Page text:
Evolution and biochemistry of family 4 glycosidases: implications for assigning enzyme function in sequence annotations

Mol Biol Evol. 2009 Nov;26(11):2487-97. doi: 10.1093/molbev/msp162. Epub 2009 Jul 22.


Glycosyl hydrolase Family 4 (GH4) is exceptional among the 114 families in this enzyme superfamily. Members of GH4 exhibit unusual cofactor requirements for activity, and an essential cysteine residue is present at the active site. Of greatest significance is the fact that members of GH4 employ a unique catalytic mechanism for cleavage of the glycosidic bond. By phylogenetic analysis, and from available substrate specificities, we have assigned a majority of the enzymes of GH4 to five subgroups. Our classification revealed an unexpected relationship between substrate specificity and the presence, in each subgroup, of a motif of four amino acids that includes the active-site Cys residue: alpha-glucosidase, CHE(I/V); alpha-galactosidase, CHSV; alpha-glucuronidase, CHGx; 6-phospho-alpha-glucosidase, CDMP; and 6-phospho-beta-glucosidase, CN(V/I)P. The question arises: Does the presence of a particular motif sufficiently predict the catalytic function of an unassigned GH4 protein? To test this hypothesis, we have purified and characterized the alpha-glucoside-specific GH4 enzyme (PalH) from the phytopathogen, Erwinia rhapontici. The CHEI motif in this protein has been changed by site-directed mutagenesis, and the effects upon substrate specificity have been determined. The change to CHSV caused the loss of all alpha-glucosidase activity, but the mutant protein exhibited none of the anticipated alpha-galactosidase activity. The Cys-containing motif may be suggestive of enzyme specificity, but phylogenetic placement is required for confidence in that specificity. The Acholeplasma laidlawii GH4 protein is phylogenetically a phospho-beta-glucosidase but has a unique SSSP motif. Lacking the initial Cys in that motif it cannot hydrolyze glycosides by the normal GH4 mechanism because the Cys is required to position the metal ion for hydrolysis, nor can it use the more common single or double-displacement mechanism of Koshland. Several considerations suggest that the protein has acquired a new function as the consequence of positive selection. This study emphasizes the importance of automatic annotation systems that by integrating phylogenetic analysis, functional motifs, and bioinformatics data, may lead to innovative experiments that further our understanding of biological systems.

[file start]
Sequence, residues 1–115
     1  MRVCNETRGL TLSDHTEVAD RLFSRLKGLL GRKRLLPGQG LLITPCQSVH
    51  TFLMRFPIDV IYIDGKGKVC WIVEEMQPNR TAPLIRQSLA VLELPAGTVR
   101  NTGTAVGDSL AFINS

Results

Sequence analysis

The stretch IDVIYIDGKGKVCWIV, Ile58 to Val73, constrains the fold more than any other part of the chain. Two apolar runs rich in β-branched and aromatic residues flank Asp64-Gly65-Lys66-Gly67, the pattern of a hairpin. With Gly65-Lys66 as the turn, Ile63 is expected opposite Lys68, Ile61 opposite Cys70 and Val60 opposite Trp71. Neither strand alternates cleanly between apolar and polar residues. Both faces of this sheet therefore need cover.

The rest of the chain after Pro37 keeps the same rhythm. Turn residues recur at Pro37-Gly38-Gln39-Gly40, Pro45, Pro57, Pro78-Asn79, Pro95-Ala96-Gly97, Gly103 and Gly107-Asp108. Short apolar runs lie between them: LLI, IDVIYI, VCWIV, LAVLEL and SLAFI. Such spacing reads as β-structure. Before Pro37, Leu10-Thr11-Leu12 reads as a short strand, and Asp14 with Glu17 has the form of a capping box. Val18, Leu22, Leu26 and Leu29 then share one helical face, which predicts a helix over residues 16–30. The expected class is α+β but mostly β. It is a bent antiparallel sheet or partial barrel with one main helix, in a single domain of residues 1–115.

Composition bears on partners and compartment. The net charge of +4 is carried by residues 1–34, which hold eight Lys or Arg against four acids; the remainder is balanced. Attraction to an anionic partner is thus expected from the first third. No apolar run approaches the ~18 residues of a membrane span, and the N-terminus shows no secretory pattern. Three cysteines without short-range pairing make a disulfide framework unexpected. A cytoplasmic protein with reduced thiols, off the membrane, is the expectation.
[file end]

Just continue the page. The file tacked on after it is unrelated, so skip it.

Publication types

  • Research Support, N.I.H., Intramural

MeSH terms

  • Erwinia / enzymology*
  • Evolution, Molecular*
  • Glycoside Hydrolases / classification*
  • Glycoside Hydrolases / genetics*
  • Mutagenesis, Site-Directed
  • Phylogeny
  • alpha-Galactosidase / classification
  • alpha-Galactosidase / genetics
  • alpha-Glucosidases / classification
  • alpha-Glucosidases / genetics


  • Glycoside Hydrolases
  • maltose-6'-phosphate glucosidase
  • alpha-Glucosidases
  • alpha-Galactosidase
  • 6-phospho-beta-galactosidase